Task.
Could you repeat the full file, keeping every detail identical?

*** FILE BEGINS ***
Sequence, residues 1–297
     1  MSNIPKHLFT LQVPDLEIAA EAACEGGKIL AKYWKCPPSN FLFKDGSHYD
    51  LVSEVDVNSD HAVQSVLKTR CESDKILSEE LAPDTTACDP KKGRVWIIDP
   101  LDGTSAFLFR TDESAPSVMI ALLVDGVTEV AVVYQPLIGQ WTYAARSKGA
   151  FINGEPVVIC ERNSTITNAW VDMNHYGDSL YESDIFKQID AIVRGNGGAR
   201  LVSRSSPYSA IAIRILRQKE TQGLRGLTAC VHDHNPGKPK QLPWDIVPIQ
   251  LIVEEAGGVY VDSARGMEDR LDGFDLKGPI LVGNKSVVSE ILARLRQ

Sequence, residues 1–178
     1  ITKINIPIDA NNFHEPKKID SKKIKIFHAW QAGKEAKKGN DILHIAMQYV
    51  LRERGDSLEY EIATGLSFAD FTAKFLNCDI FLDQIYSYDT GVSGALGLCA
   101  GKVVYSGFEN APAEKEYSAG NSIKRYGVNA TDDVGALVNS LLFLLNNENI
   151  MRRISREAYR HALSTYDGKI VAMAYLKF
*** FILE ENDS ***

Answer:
Sequence, residues 1–297
     1  MSNIPKHLFT LQVPDLEIAA EAACEGGKIL AKYWKCPPSN FLFKDGSHYD
    51  LVSEVDVNSD HAVQSVLKTR CESDKILSEE LAPDTTACDP KKGRVWIIDP
   101  LDGTSAFLFR TDESAPSVMI ALLVDGVTEV AVVYQPLIGQ WTYAARSKGA
   151  FINGEPVVIC ERNSTITNAW VDMNHYGDSL YESDIFKQID AIVRGNGGAR
   201  LVSRSSPYSA IAIRILRQKE TQGLRGLTAC VHDHNPGKPK QLPWDIVPIQ
   251  LIVEEAGGVY VDSARGMEDR LDGFDLKGPI LVGNKSVVSE ILARLRQ

Sequence, residues 1–178
     1  ITKINIPIDA NNFHEPKKID SKKIKIFHAW QAGKEAKKGN DILHIAMQYV
    51  LRERGDSLEY EIATGLSFAD FTAKFLNCDI FLDQIYSYDT GVSGALGLCA
   101  GKVVYSGFEN APAEKEYSAG NSIKRYGVNA TDDVGALVNS LLFLLNNENI
   151  MRRISREAYR HALSTYDGKI VAMAYLKF